Carl Jung was a Freudian Analysis, and actually worked closely with Freud. They significantly influenced each other’s theories about the human psyche. In particular they agreed that all aspects of the human unconscious is seeking its way to the surface to become known and become conscious. However, their views began to differentiate, as Jung believed that the rising of the unconscious was a vital part to the process of individuation and self-growth. Freud opposed this, saying that this rising of the unconscious…

View original 407 more words

EB-125

I think I’m seeing white birds

white birds scattering away

from my window, out there

in the cold January, their wings

sound, from here, like sheets–

my grandmother’s white sheets–

on the line in June.
The light coming in is white.

Color? Or space?

Like the space we can never fill.

Like the start of a narrative.

Like the blank walls,

these hospital rooms cemented

in their smoggy halo.
I’m crouched over a puce tray,

surrounded by the others in halogens, others

that have found strange caverns to fill in

strange tongues native to disorder, asking me Continue reading

I have lost the need to be someone.
It’s strange that when
You have one piece left of so many selves
And it breaks, shattering your familiar
reflection, You–annihilated in the howling–
and a certain amount of time
will stop mattering as it goes on, and
You pool into something–a fine new liquid–
black beneath the swollen moon,
and then, a tender solid thing.
An awakened body and mind
Cast about in the water’s mad rush,
not afraid of its depth anymore.
A woman now. And a fire stirs–a heat
I’ve never heard of.
No one ever told me I would rise to
occasions On my own accord.
No one ever told me the soul
Is a hungry, insatiable thing
That pulses so right Once
the wounds and lesions Turn to scars.
I am thirsty. I am watching. I am waiting
Continue reading

Share your poetry and creativity over at Dverse Poets Pub.  I am basing my poem off of a drawing I’ve been working on.

Stitches

You’re in my ribcage
I turn my love to wreck it
let you gather up the pieces
and I watch you fall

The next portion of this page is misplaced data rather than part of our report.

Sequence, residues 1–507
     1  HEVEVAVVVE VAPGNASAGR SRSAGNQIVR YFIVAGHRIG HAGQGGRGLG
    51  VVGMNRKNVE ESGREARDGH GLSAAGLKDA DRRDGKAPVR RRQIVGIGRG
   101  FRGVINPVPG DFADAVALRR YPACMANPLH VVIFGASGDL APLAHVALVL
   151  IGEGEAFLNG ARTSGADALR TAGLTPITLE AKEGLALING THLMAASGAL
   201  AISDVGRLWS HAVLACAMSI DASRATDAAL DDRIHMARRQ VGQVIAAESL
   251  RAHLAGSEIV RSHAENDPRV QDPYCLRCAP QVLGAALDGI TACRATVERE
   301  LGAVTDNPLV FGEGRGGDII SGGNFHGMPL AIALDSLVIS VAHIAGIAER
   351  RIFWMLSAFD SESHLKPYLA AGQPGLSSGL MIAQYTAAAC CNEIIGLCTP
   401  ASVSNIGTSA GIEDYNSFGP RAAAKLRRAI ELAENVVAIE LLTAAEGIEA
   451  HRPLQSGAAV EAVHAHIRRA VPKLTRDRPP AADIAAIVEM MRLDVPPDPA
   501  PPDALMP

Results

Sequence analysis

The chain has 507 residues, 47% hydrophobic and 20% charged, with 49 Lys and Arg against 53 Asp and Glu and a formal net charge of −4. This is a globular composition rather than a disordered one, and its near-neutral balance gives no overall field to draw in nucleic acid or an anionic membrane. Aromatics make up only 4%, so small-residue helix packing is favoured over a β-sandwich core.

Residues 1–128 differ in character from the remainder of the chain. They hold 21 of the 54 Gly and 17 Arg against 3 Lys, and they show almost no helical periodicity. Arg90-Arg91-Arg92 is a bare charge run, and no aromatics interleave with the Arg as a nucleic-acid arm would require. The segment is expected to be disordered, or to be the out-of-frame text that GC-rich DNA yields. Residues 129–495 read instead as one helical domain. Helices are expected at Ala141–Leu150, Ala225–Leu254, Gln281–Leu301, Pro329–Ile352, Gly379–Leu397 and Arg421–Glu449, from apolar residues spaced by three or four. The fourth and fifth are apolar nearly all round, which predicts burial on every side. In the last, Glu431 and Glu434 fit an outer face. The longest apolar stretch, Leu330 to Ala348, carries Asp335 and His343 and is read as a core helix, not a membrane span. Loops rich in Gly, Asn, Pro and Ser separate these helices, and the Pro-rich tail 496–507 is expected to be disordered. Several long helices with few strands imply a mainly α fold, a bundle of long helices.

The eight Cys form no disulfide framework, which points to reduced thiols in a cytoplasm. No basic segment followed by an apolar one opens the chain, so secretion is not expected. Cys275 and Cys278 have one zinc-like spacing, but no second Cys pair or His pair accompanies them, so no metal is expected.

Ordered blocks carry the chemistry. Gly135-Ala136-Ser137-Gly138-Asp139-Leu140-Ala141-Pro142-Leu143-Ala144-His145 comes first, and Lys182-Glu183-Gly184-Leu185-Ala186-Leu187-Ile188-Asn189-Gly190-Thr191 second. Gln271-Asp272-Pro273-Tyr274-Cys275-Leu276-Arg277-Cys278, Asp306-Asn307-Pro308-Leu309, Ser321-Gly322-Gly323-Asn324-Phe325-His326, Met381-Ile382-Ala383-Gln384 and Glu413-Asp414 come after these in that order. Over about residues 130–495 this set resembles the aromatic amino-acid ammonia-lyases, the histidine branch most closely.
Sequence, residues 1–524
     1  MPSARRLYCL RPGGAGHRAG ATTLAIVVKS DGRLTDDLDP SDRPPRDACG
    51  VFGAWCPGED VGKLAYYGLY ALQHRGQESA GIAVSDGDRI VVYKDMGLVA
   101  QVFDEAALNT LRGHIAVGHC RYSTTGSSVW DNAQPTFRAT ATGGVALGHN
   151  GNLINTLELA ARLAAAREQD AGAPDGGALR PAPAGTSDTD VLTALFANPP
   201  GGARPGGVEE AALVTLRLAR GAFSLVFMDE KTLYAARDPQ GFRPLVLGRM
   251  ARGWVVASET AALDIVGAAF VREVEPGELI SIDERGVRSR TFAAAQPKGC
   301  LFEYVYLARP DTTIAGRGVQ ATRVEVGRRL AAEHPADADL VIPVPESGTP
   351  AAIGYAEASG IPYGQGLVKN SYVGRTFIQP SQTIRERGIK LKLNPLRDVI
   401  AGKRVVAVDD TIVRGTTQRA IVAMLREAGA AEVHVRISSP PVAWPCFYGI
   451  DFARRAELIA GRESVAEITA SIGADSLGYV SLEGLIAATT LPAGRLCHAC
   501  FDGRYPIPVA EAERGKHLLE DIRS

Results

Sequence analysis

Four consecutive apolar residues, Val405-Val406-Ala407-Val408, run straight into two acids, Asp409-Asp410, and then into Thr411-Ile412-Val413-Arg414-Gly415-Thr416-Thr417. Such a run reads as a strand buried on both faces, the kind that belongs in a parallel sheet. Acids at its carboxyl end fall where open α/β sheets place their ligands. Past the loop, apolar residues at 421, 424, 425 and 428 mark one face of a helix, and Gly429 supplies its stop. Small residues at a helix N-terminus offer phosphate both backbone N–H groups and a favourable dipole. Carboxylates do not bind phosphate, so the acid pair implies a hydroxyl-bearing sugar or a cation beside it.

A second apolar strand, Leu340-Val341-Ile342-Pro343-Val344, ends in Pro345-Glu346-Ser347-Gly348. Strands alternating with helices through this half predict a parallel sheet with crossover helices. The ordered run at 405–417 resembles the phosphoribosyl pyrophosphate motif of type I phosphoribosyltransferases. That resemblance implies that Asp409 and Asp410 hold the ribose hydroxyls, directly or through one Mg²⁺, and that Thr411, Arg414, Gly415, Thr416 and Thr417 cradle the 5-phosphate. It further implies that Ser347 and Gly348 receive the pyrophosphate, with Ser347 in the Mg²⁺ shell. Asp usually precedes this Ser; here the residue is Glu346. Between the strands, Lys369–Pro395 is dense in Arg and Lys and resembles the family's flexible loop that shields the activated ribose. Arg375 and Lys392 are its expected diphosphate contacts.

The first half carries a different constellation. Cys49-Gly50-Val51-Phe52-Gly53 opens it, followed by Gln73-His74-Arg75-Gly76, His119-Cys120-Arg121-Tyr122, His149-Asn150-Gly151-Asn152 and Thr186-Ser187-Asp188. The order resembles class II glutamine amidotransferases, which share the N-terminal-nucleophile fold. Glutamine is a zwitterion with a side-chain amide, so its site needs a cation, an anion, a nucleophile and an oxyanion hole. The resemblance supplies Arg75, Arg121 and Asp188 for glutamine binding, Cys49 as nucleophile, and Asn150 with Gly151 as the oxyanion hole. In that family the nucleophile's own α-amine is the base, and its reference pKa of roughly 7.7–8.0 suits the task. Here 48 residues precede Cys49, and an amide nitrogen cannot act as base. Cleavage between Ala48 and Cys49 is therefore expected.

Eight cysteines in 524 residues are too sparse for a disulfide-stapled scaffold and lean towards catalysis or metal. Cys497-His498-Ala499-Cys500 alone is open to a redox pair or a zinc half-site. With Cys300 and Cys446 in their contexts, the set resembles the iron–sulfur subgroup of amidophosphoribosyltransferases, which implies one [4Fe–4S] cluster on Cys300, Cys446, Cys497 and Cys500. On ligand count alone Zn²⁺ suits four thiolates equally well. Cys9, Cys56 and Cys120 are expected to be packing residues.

from my fists
where I held you
hard and close because
what is the difference
anyway
between madness
and hunger

I want you to
walk up and bite me
stick your words inside me10819066_10155197448905131_881853597_n
and twist them all around
cover up my mouth
make my mind unable
to find my will
Continue reading

STITCHING

You’re in my ribcage
I turn my love to wreck it all
you try to gather up the pieces
and I watch you fall
from my fists
where I held you
hard and close because
what is the difference anyway
between madness
and hunger

I want you to
walk up and bite me
stick your words inside me
and twist them all around
cover up my mouth
make my mind unable
to find my will

I come in like a whirlwind
and you are mine to destroy,
no not you, just love
or the thought of love
or the thought of you
or the heart in my chest
so I can rupture up my body
and never give you room

but I open up my chest
and violets fly out
and I had a dream
you were walking by,
my dark lover,
not seeing me
and I feel for the first
time the things I let myself lose,
all the time,
and I close.

Amy Jo Sprague:

my dear dear friend put my poem up on her fabulous blog–i heel honored!

Originally posted on Shut Up, Shani!:

The pop and snap of prescription pill bottles,
swallow, light, inhale, scrape of the chair,
cluster of tap-tap-taps on the keys, a silence
beyond this room, beyond this wall
I can almost hear you—the soil
sifting, seeds spreading out, dry in your palm;
folds of light robes around you like
birds wings—your child
asleep on your warm back,
your sky a sea, an earth, a breath
because you’re there I’m less anxious
(as I palm another pill) because I rely
on sedated time I sit in my chair,
lost somewhere before the border,
where I see myself later—aged and wearing away—
walking to you, palms up–

“Here, here I am…” only you aren’t waiting
for me, time is something else to you—
so I see I don’t have to tell you
where I’ve been or why I am here
but that I’ve arrived
out of the cement tomb,
the rise…

View original 134 more words